Tuesday, October 15, 2013

Read this and then close the browser.

New media have nearly-limitless time-wasting potential. How do we rein it in?

Time is wasted when we get distracted from our purpose or when we have no purpose to begin with. This happens when we go to new media with open-ended questions or impulses. For example, if I want to know "what's on TV," I am signing up for a meandering journey with the remote that could consume any amount of time. And if I sit down at the computer because I am feeling lonely and it offers various products vaguely resembling the company of others, once again I could be in for a long, ultimately-unsatisfying ride.

Purposefulness in approaching these media can go a long way toward reaping the best things they promise without becoming enslaved to the worst of their possibilities. If I go to the TV to watch game 3 of the National League Championship Series, my commitment has definite bounds I am able to evaluate before choosing to engage. If I go to my computer to answer three different e-mails, there is a better chance that I will accomplish exactly what I set out to than if I just open the lid of my computer and see where it takes me.

Note that such thoughtfulness is not nearly so imperative when using older media. There are not too many ways to get tripped up when reading a book. You may read for longer than you intend, but you are still completing a task you knew you wanted to complete at some point. But in general the newer the medium, the better it is at presenting appealing distractions. Media providers make more money the longer consumers are engaged, and so they have made engaging consumers into something of a science.

For instance, last week I signed up for a trial streaming subscription of Netflix. I thought of doing so as gaining access to a library of movies and TV shows. But it was clear that Netflix thought of itself as something more than that. Right off the bat it wanted me to give it some examples of works I liked. It also wanted me to plug in a facebook account so it could tell me what my friends were watching and vice versa. Moreover after everything I watched it asked me in prominent type to rate what I had seen, the better to know the profile of my tastes. Perhaps most subtly and impressively, after one installment of a series started rolling the credits it gave no more than than fifteen seconds before going straight into the next.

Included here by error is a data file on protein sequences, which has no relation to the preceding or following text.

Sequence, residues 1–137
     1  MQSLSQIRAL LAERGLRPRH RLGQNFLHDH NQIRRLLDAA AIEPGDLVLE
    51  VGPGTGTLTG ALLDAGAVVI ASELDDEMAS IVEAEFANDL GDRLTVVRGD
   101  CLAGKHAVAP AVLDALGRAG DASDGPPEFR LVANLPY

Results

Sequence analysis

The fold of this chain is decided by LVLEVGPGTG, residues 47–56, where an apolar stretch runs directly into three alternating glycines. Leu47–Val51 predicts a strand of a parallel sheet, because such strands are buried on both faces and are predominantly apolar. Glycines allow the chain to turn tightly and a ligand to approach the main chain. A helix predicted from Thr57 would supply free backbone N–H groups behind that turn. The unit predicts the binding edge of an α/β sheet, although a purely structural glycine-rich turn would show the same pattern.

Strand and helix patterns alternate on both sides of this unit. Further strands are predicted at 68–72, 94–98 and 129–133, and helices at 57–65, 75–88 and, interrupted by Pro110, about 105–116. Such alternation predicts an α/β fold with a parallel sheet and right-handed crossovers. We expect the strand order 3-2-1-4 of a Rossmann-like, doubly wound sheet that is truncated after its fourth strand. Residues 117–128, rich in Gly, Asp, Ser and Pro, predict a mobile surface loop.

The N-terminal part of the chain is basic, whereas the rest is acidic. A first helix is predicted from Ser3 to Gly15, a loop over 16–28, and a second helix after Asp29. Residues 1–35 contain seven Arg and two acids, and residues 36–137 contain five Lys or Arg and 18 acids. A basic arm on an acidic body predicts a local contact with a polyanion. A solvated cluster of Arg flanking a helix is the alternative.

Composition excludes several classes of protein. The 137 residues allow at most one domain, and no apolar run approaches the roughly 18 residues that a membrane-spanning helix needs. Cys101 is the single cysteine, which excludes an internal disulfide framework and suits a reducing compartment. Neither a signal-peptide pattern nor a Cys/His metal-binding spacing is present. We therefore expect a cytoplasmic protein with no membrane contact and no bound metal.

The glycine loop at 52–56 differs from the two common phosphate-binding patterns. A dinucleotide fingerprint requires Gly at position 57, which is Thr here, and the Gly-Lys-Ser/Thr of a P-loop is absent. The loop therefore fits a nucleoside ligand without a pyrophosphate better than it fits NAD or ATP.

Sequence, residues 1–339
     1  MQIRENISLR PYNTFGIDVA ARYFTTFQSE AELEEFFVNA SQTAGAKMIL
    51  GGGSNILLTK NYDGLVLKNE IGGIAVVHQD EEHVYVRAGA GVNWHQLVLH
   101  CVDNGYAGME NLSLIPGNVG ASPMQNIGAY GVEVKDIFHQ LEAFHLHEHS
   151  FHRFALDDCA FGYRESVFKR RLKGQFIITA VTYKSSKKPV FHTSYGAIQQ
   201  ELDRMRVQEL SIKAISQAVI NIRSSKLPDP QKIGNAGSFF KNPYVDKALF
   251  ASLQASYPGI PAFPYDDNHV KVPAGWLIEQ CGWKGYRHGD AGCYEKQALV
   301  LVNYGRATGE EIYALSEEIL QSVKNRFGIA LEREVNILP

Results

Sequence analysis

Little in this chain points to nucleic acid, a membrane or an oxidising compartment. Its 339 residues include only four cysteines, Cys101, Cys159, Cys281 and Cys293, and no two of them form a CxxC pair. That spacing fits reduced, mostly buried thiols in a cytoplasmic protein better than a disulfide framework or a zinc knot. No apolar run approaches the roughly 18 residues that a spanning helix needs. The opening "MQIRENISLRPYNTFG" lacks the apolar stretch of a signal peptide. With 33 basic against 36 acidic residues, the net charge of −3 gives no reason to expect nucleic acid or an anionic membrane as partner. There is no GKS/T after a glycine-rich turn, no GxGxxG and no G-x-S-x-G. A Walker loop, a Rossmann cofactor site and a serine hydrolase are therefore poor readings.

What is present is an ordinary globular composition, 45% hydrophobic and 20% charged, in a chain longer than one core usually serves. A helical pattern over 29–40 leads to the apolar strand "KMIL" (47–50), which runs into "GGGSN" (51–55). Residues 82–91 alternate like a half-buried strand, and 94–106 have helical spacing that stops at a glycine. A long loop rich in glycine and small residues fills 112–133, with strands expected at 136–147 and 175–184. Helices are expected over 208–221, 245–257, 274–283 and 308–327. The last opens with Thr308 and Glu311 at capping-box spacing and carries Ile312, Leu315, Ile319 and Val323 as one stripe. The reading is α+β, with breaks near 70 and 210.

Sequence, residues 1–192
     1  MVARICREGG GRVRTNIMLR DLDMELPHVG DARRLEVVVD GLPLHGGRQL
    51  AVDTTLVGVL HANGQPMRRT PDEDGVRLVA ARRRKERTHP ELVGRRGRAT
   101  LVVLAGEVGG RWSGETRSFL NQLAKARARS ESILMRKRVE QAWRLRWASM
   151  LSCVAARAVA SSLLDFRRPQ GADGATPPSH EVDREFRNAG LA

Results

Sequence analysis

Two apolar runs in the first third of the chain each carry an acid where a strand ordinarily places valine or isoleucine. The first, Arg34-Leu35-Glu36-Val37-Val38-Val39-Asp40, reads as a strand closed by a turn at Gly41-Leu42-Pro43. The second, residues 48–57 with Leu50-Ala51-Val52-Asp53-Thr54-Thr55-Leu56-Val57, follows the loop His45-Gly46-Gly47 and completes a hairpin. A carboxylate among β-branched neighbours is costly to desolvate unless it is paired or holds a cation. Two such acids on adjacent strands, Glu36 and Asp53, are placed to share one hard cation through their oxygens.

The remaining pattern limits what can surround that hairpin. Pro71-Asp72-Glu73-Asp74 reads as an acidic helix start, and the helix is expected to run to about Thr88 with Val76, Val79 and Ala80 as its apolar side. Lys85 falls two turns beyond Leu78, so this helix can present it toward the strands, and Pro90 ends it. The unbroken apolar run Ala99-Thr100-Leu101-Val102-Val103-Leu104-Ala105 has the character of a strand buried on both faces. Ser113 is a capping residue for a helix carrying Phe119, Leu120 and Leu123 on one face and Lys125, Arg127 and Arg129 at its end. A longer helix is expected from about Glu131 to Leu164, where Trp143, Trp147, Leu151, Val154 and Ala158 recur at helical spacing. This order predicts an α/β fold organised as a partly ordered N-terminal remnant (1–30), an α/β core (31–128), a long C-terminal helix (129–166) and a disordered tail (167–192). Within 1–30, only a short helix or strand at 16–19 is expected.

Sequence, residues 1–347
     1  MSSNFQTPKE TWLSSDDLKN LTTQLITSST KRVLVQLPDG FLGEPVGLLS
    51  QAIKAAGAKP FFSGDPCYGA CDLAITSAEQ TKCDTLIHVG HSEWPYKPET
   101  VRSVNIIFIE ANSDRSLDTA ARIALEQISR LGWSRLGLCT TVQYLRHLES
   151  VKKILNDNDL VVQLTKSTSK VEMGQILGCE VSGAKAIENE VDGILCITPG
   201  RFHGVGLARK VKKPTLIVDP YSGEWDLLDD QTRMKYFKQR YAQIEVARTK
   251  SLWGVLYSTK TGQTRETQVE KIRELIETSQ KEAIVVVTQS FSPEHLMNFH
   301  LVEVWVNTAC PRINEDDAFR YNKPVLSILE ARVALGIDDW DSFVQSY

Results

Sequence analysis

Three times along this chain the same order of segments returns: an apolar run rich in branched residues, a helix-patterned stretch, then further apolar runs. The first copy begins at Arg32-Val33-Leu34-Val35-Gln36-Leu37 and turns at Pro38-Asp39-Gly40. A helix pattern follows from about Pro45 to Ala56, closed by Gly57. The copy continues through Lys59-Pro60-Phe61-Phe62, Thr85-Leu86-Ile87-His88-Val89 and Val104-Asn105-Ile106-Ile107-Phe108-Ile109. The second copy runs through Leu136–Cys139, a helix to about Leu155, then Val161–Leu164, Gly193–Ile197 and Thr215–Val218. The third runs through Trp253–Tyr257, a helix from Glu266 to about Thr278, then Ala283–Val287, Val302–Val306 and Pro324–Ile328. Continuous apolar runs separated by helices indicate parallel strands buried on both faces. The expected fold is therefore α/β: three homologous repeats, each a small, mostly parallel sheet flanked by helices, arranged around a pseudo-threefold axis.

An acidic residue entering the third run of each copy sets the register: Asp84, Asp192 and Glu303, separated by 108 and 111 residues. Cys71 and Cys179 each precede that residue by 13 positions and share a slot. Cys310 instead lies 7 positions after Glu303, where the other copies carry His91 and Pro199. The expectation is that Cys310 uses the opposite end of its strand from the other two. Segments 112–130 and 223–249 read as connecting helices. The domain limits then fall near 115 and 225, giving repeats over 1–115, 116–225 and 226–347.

So the system is constantly priming itself to dig out new things its consumers will like, and it is actually more work to stop watching than it is to continue. Netflix clearly intends to be more than a library that passively waits to be accessed. Rather it aspires to be a constant stream of entertainment freeing users to think as little as possible in order to be engaged for as long as possible.

For those who aspire to nothing more than enjoyment, that kind of service is an incredible innovation well worth the modest monthly fee. But for those seeking to use new media for their own bidding in larger pursuit of the good, the true, and the beautiful, discipline is paramount.

Know the questions you seek to answer before sitting down. Answer them, and then stand up.

1 comment:

SFK said...

I have the same few on shopping: know what you want/need to get (with slight flexibility to account for trying things on, sales, etc) and leave as quickly as possible.